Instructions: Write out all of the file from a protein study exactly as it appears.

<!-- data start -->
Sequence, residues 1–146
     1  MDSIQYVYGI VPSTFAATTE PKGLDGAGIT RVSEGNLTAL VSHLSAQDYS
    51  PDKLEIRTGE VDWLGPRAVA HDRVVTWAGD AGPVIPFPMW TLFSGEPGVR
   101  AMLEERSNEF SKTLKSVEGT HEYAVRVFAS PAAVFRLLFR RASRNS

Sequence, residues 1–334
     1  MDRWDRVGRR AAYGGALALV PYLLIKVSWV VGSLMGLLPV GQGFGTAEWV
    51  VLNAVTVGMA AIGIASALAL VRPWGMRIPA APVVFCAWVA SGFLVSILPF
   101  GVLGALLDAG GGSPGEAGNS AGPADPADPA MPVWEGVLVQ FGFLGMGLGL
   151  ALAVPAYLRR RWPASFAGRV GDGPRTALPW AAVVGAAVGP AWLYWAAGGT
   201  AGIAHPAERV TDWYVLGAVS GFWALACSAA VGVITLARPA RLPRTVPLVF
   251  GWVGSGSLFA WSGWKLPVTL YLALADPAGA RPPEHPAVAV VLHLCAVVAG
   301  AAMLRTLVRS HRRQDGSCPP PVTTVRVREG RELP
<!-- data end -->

Sequence, residues 1–146
     1  MDSIQYVYGI VPSTFAATTE PKGLDGAGIT RVSEGNLTAL VSHLSAQDYS
    51  PDKLEIRTGE VDWLGPRAVA HDRVVTWAGD AGPVIPFPMW TLFSGEPGVR
   101  AMLEERSNEF SKTLKSVEGT HEYAVRVFAS PAAVFRLLFR RASRNS

Sequence, residues 1–334
     1  MDRWDRVGRR AAYGGALALV PYLLIKVSWV VGSLMGLLPV GQGFGTAEWV
    51  VLNAVTVGMA AIGIASALAL VRPWGMRIPA APVVFCAWVA SGFLVSILPF
   101  GVLGALLDAG GGSPGEAGNS AGPADPADPA MPVWEGVLVQ FGFLGMGLGL
   151  ALAVPAYLRR RWPASFAGRV GDGPRTALPW AAVVGAAVGP AWLYWAAGGT
   201  AGIAHPAERV TDWYVLGAVS GFWALACSAA VGVITLARPA RLPRTVPLVF
   251  GWVGSGSLFA WSGWKLPVTL YLALADPAGA RPPEHPAVAV VLHLCAVVAG
   301  AAMLRTLVRS HRRQDGSCPP PVTTVRVREG RELP